There has been a tendency for researchers and practitioners to overlook the needs and experiences of children and young people in relation to disasters. In this paper, we report on our exploration of the question of whether to involve children and young people in post-bushfi re research, and if so how? In considering children's rights in this context we were guided by a number of conceptions of the child (refl ecting research debates within the Sociology of Childhood): The citizen child; the child at risk; and the developing child. We engaged in formal, progressive consultations with experts internationally and with bushfi re affected community partners. This study determined that research with children post-bushfi res was an important, ethical and appropriate activity, provided the methodology was sensitive and allowed children to provide informed consent and to have a sense of control over the issues being discussed. We conclude that carefully considering a rights approach materially changed the fi nal methodology that includes the perspectives of children and young people in research about recovery from traumatic disasters, while still respecting their right to be safe and supported.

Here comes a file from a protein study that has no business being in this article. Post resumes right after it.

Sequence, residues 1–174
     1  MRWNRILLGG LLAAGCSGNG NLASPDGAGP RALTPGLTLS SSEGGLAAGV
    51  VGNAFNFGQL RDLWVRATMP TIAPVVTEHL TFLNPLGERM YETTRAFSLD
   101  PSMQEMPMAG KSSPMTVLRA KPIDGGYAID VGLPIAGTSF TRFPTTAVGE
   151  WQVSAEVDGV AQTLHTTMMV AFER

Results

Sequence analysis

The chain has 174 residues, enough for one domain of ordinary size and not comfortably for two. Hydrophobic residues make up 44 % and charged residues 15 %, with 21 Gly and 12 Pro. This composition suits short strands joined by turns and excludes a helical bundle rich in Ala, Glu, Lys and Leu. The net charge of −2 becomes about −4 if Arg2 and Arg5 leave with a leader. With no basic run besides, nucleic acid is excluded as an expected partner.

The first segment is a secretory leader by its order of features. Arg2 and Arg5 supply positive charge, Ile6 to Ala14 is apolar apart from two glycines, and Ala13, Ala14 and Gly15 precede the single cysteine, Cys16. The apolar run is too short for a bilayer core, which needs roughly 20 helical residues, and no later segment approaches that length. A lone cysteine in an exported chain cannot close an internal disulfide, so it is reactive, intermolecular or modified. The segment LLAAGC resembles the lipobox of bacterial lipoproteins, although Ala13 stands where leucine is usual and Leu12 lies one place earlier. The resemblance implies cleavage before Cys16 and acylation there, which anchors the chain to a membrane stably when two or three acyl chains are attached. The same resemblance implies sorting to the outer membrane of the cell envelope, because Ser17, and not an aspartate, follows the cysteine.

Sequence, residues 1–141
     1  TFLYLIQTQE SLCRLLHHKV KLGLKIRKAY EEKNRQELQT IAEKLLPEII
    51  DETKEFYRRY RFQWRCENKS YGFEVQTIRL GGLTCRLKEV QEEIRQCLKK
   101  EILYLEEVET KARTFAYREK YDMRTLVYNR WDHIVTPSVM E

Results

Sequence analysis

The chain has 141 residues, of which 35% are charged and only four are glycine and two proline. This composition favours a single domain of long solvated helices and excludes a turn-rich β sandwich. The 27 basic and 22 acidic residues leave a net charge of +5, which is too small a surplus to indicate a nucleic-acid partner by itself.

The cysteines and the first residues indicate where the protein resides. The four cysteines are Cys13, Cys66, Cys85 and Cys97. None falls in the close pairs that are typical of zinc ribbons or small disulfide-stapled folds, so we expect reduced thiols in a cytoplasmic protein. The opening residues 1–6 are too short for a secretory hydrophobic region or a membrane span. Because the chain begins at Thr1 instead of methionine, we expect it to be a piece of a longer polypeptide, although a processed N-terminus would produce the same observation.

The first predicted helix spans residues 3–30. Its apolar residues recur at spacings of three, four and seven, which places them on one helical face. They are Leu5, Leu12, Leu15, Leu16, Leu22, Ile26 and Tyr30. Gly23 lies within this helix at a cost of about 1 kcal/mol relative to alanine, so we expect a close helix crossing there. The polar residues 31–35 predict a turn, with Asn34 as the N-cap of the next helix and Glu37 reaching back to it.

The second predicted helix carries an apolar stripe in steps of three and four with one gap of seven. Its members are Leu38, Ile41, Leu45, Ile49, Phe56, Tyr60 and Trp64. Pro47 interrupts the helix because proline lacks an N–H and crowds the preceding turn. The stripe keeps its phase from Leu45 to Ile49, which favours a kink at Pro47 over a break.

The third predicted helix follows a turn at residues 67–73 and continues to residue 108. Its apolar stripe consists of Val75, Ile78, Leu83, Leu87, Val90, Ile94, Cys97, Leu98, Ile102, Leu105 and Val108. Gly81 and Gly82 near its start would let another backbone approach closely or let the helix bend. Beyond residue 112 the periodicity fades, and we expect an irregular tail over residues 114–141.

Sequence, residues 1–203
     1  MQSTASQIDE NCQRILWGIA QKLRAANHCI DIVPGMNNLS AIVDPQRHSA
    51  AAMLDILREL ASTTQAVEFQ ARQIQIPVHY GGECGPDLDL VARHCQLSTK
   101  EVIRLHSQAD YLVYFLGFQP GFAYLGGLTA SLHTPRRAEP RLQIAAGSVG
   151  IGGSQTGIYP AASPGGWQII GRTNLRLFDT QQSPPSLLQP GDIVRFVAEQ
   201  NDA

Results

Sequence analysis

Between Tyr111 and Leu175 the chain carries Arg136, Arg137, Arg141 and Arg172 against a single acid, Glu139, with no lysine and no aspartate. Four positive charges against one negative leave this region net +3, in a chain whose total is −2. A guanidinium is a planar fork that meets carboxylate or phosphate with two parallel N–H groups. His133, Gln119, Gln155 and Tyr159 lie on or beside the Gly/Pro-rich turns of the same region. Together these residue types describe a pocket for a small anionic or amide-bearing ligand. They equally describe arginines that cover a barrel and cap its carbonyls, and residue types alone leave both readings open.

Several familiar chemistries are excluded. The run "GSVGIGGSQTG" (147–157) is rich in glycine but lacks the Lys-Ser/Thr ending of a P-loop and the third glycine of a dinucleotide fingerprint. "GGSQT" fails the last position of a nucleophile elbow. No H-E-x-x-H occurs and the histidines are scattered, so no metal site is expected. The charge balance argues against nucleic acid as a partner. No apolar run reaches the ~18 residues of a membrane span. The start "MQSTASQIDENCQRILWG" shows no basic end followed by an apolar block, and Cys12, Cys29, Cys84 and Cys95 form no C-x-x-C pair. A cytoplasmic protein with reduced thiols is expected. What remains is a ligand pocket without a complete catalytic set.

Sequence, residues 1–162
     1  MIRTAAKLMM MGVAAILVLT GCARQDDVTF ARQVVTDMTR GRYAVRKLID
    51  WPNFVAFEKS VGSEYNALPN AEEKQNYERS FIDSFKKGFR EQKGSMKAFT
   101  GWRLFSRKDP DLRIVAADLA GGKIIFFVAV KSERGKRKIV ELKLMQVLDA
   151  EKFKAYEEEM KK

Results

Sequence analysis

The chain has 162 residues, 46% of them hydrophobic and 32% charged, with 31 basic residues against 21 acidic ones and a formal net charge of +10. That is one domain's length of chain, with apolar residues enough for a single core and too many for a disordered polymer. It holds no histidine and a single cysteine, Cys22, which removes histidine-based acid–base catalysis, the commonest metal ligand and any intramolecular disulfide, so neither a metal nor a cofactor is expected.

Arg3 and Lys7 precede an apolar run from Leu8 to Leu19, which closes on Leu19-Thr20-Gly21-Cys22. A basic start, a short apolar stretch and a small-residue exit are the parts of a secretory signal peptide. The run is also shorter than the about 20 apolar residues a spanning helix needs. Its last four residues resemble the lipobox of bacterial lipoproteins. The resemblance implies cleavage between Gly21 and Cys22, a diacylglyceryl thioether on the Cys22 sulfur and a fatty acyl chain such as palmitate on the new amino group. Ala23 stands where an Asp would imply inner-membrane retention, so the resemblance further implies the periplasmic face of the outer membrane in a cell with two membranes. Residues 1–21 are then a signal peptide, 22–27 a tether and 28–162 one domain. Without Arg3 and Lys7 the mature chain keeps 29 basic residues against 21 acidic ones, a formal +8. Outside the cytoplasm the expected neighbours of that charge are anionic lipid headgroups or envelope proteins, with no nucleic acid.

- Children's rights